I have used Nikors, Schneiders, and Rodenstock (including the APO 50mm) and have found little if any discerable differences. However, in an extensive test by CTien he found 1/3 of all lens tested to be off centered. Therefore, it is perhaps critical to have return priviledges on any purchase. I currently use El Nikors although I have an additional set of Schneiders. There is also the 135mm which might give you the improvement you are seeking. NOW, for the other critical parts. I have used Besseler 4x5's, several Omegas 4x5 and used but not owned the Durst 4x5. Of these the Durst was clearly superior. There are flaws in the others although I use them for the present. The negative carriers are very important - frequent checking of alignment, and base stabilization. I would be cautious of wall mounting since some walls vibrate more than the floor (as in ,my case. I also use a vacuum easel with a non-slip base which helps keep things where they are supposed to be. This has gone further than your posed question but in my experience they are all important.

Bob Atkins , Apr 24, 2001; 06:19 p.m.

Rodenstock publish MTF plots of their enlarger lenses. If you want to be totally compulsive about this you should probably contact Schneider and Rodenstock and ask them for MTF plots.

Rodenstock recommend the APO-Rodagon N 105/4 for 6x9. Looking at the MTF plots at 6x and f8 it does look like a sharper lens than the APO-Rodagon N 80/4 in the corners of a 6x7 frame, but it may be fractionally down in the center. The 105 also looks slightly less astigmatic, but you really have to look at the plots yourself to decide what's most important to you. My guess is they'd both be perfectly fine and difficult to tell apart in actual use.

Bruce McElhaney , Apr 24, 2001; 06:42 p.m.

I can't imagine why you would need anything longer than a 90mm lens for 6x7 work. I also hope you're making smaller prints, and with an XL enlarger, because a 105mm lens on a 6x7 format will quickly meet enlargement limitations for larger prints, especially when cropped. I mostly use a newer 80mm Componon-S for both my 6x6 and 6x7 negs. I also have new Rodenstock 60mm wide angle, and a Nikor 80mm, 105mm, and 135mm. I use a standard height, Saunders 4500 VCCE enlarger and can make a sharp, cropped 20x24 print on the baseboard with my Rodenstock 60mm WA. With the 105mm I could maybe make an 11x14 print.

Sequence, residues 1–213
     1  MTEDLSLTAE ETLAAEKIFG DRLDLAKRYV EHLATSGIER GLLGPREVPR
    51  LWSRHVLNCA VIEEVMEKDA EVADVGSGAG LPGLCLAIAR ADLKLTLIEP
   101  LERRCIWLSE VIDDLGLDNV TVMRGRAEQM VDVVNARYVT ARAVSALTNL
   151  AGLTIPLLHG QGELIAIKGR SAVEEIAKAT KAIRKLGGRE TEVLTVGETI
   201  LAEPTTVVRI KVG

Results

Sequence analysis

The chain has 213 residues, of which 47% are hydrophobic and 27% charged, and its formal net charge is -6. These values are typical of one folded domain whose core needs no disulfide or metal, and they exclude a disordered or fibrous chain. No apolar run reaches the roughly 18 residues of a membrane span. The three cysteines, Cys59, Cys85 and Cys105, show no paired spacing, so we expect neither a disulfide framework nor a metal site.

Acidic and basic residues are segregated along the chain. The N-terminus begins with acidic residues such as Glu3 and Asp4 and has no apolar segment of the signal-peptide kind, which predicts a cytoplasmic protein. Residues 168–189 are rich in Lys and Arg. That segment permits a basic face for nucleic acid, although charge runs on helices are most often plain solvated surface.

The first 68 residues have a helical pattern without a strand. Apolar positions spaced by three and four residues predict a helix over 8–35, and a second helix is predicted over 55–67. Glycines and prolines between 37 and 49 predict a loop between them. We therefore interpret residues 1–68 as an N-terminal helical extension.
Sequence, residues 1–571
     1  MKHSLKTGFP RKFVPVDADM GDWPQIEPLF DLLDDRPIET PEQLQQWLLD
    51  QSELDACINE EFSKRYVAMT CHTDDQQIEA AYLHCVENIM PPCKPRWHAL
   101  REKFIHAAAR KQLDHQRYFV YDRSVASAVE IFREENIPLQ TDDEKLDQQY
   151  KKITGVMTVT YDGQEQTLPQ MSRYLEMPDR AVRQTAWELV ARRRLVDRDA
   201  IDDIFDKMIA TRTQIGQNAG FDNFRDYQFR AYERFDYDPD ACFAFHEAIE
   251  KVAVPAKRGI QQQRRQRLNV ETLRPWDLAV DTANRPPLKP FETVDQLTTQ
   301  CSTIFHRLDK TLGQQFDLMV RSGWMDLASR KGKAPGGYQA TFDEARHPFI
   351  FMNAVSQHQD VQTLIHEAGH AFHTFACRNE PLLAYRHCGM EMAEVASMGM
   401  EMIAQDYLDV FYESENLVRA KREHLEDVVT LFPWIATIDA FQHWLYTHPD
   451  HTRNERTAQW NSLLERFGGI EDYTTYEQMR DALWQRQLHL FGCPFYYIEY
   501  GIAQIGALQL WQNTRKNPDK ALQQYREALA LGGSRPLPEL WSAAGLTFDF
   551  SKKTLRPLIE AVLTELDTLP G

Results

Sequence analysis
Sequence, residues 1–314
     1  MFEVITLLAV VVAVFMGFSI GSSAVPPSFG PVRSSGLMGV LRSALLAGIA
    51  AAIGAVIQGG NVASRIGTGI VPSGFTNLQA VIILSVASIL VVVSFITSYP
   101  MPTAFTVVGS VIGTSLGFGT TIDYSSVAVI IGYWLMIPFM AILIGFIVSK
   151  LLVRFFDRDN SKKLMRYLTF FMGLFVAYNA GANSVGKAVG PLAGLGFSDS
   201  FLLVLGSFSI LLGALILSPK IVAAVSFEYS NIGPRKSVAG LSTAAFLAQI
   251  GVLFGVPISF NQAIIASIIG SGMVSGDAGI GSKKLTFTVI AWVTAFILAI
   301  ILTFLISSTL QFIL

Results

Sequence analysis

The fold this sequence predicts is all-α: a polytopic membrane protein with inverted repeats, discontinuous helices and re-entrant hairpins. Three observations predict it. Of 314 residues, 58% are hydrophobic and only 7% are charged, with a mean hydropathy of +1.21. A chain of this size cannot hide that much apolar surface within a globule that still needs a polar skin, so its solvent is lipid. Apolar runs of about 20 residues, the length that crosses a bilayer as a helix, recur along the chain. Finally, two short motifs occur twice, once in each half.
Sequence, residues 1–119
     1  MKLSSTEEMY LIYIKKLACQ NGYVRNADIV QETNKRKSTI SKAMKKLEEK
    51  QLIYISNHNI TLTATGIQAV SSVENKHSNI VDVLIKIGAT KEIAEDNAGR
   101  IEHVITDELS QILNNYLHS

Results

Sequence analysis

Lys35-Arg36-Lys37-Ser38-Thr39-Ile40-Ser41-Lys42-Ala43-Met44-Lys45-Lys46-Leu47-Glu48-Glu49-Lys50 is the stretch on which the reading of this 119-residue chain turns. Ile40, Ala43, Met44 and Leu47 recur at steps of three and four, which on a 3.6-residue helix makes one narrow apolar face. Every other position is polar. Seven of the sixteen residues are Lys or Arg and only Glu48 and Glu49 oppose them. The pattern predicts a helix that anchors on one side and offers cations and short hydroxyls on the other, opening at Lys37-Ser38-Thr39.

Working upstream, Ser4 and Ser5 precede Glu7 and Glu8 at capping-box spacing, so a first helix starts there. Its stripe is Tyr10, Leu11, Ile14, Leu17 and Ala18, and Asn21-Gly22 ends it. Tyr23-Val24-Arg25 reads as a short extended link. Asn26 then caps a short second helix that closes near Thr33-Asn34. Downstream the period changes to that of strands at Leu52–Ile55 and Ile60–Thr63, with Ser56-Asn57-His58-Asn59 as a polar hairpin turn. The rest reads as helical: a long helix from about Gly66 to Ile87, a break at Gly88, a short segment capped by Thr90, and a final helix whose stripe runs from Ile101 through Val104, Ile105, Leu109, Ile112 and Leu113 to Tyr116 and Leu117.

I've never used an APO enlarging lens, but I don't feel the need to buy one either, as I mostly do portraits, in B&W. APOs are said to focus colors together somewhat better than standard lenses. My 80mm Componon-S is very sharp and crisp. However, unlike others here, the only Nikor I like is a 50mm which I rarely use anymore. I feel the German lenses are sharper. I know for a fact that my Hasselblad lenses are sharper than my Mamiya RZ lenses.

Bruce McElhaney , Apr 24, 2001; 06:46 p.m.

Forgot to ad, it all depends on what kind of work you're doing. Sharpness at the edges is a moot point with me, as I burn in the corners/edges of most all my prints.

Duane Kucheran , Apr 24, 2001; 08:33 p.m.

One thing to consider is overall sharpness (ie. resolution) and corner falloff. A longer lens may not have as good resolution in the center as a shorter one, but the _change_ in resolution from center to edge can be significant and with some images very noticable.

I have a print of a desert scene with the sand grains visible printed with an ancient, uncoated 135 mm Federal Octar. It is not as crisp as an 80 mm Componon-S is in the center, but it doesn't seem to get proportionately softer in the corners as the shorter lens does. It also doesn't have the light falloff of the shorter lens either. To me, the print is more uniform and satisfying with the longer lens.

A 105 or at least a 90 would be my choice next time.

Chris Waller , Apr 25, 2001; 07:31 a.m.

Ed,

I use a Minolta 105mm for enlarging from 6x7 negs. I work on the assumption that the illumination is more even and it should be easier to achieve flat-field. For 35mm i use a Schneider 50mm/2.8 Componon S. This is bitingly sharp, but some of my colleagues swear by Nikon ELs. Have you seen the specs of the new Meopta lenses. I have heard a rumour that Meopta are now making lenses for certain top-marque names.

All other things being equal an APO should be better but would the difference be noticeable?

Chris.